• Fork // Fox 34 Float, Performance, 44mm Offset, 130mm Travel
  • Shock // Fox Float DPX2, Performance Elite, Trunnion Mount, 165×42.5mm
  • Hubs // Giant TRX 1, 110x15mm Front & 148x12mm Rear
  • Rims // Giant TRX 1 Carbon, 28h Front & Rear, 27mm Internal Rim Width
  • Tyres // Maxxis 3C EXO Minion DHR II 2.4 WT Front & Minion DHF 2.3in Rear
  • Tyre Insert // Vittoria Air-Liner, Medium, Rear
  • Chainset // SRAM Descendent Eagle, DUB, 30t Chainring
  • Chain Guide // K-Edge 1x Mountain Chain Guide
  • Rear Mech // SRAM GX Eagle, 12-Speed
  • Shifter // SRAM GX Eagle, 12-Speed
  • Cassette // SRAM GX Eagle, 10-50t, 12-Speed
  • Brakes // SRAM Guide T, 180mm Rotors Front & Rear
  • Bar // Syncros Hixon iC Rise 1.0, 20mm Rise, 800mm Wide
  • Stem // Syncros Hixon iC Rise 1.0, 40mm Long
  • Grips // Renthal Traction Lock-On UltraTacky
  • Seatpost // Giant Contact Switch S, 30.9mm, 150mm Travel
  • Saddle // Giant Contact SL, Neutral
  • Size Tested // Medium
  • Sizes available // Small, Medium, Large & Extra Large
  • RRP // $6,299 AUD / £4,399 GBP

Comments (5)

    Super interested in the full review. I have a 650b Anthem 1 from ast year, so 130mm Pikes and a lot more ‘traily’ than an Anthem has been before – am I right in thinking that the Trance might be like a big brother to my Anthem?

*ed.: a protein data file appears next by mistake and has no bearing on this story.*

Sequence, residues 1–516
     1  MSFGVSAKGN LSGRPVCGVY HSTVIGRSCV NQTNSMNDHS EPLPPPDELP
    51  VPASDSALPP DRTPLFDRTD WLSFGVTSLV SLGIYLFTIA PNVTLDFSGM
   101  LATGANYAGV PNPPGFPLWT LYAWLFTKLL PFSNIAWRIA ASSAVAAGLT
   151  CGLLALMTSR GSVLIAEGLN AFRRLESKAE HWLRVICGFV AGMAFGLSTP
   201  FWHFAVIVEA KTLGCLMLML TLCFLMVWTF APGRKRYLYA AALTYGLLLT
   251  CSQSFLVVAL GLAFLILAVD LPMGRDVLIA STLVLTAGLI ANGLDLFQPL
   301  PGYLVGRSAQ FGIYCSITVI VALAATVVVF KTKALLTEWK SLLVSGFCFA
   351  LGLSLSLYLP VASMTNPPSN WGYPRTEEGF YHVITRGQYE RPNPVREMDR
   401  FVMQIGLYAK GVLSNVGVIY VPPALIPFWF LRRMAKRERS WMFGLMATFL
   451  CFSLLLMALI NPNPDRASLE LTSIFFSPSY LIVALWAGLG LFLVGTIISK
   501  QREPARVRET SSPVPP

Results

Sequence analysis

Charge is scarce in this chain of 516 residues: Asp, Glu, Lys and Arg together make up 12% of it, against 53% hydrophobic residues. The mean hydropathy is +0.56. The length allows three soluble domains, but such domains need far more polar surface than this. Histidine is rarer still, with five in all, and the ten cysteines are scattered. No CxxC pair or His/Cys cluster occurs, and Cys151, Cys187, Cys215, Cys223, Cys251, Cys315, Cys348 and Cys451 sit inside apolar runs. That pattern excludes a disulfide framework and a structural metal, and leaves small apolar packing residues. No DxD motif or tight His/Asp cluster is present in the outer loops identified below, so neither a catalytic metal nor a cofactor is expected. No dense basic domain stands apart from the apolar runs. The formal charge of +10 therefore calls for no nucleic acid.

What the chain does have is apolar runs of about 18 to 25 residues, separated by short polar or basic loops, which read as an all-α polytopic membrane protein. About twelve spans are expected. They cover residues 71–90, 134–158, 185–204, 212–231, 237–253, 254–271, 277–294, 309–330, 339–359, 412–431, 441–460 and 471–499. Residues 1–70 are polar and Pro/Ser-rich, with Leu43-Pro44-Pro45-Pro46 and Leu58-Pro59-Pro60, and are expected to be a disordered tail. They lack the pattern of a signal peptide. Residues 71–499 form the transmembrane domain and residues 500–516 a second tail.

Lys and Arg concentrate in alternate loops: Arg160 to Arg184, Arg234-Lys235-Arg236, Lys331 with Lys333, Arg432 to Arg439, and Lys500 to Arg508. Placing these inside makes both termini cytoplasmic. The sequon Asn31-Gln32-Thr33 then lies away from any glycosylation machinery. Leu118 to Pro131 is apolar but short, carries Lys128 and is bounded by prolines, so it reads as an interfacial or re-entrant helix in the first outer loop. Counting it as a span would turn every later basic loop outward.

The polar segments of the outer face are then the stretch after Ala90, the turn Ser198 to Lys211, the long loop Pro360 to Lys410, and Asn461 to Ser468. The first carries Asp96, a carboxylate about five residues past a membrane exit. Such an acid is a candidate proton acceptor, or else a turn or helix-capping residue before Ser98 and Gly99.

“am I right in thinking that the Trance might be like a big brother to my Anthem?”

    The current Trance (I ride a 2017 Trance 2) is 150mm up front, 140mm in the rear, so – I suppose – yes.

    “The current Trance (I ride a 2017 Trance 2) is 150mm up front, 140mm in the rear, so – I suppose – yes.”

    I think he’s pondering the trance 29 in the video.

    Speaking of the video, good fun to watch. Thanks!

    @LAT – Glad you liked the video mate!

    @Adam_Buckland & @keithr – Yeah I reckon you’re right there, though the Giant lineup is starting to get a touch confusing lately due to the crossover between 27.5in and 29in wheelsize options. At the moment, it goes something like this;

    Anthem 29 (100/90mm): Pure XC/marathon race bike
    Anthem 27.5 (130/110mm): XC/short-travel trail bike
    Trance 29 (130/115mm: Short-travel trail bike
    Trance 27.5 (150/140mm): Long-travel trail bike

    Interestingly, the Anthem 27.5 is no longer available in Australia – at least according to the Giant website. On the UK website, all the 2019 Anthem 27.5 models are on sale, though I’m not sure if that says anything since the 29in version is also on sale.

    In terms of the Anthem 27.5 vs the Trance 29 specifically, I’d say the two bikes feel very different even though they have similar travel numbers. I tested the Anthem 27.5 not long ago, and found it to be a fun and nimble little XC bike. It dances up the climbs more enthusiastically, but on rougher descents it feels quite spindly and can get bounced off-line if you’re really hammering it.

    In comparison, the Trance 29 feels absolutely rock-solid when riding absolutely flat-out, and has a much stronger bias towards technical descending.

    Hope that helps!

    [ST Wil]

    With recent price drops on the higher spec alloy version of this bike what re your thoughts re: #FantaPantsTrance 29er 1 vs. #AcidTrance Advanced Pro 29er 1 ???

    #FantaPantsTrance currently available in Oz for $4.5K vs. #AcidTrance for $6.3K (which I’m yet to see discounted although I’m sure it would be imminent) … Do you think the carbon frame and piggyback rear shock is worth the price differential?